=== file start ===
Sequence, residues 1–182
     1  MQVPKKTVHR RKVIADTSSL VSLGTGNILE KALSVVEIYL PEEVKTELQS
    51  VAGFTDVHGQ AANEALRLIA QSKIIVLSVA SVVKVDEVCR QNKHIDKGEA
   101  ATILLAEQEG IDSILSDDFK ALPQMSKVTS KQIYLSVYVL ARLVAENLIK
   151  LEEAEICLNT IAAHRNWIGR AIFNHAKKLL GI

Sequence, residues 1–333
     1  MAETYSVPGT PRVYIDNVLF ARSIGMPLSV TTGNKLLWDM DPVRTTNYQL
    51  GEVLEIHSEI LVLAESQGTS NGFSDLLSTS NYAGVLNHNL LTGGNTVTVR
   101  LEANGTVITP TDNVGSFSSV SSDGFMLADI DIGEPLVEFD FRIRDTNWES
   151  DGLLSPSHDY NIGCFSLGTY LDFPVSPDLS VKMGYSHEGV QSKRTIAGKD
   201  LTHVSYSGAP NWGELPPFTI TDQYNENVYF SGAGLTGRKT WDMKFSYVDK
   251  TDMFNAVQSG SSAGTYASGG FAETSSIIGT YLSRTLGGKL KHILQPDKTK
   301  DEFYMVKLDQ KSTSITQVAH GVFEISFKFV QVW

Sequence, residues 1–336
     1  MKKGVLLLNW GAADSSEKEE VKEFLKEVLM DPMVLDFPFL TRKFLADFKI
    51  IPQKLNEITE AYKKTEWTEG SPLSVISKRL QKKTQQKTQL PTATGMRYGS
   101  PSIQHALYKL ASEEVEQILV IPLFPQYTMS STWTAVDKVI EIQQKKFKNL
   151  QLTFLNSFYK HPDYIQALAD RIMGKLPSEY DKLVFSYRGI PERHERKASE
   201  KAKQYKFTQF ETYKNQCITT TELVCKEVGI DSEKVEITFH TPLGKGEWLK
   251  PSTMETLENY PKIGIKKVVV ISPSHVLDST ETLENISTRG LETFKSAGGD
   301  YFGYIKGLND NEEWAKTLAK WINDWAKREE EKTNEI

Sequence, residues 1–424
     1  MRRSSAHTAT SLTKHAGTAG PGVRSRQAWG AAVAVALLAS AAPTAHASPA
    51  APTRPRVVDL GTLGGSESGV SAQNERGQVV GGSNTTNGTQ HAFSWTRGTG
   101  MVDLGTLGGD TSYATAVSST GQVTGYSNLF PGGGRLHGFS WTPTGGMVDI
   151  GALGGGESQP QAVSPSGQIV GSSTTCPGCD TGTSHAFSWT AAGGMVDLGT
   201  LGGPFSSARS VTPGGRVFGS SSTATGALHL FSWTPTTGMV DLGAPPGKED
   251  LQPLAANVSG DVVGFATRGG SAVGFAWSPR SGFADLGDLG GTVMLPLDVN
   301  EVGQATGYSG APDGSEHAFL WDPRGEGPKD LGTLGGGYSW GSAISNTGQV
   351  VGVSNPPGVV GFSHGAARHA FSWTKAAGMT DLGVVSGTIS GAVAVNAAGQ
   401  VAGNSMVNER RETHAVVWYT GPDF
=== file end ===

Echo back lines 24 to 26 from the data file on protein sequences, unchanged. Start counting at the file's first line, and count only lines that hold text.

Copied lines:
    51  APTRPRVVDL GTLGGSESGV SAQNERGQVV GGSNTTNGTQ HAFSWTRGTG
   101  MVDLGTLGGD TSYATAVSST GQVTGYSNLF PGGGRLHGFS WTPTGGMVDI
   151  GALGGGESQP QAVSPSGQIV GSSTTCPGCD TGTSHAFSWT AAGGMVDLGT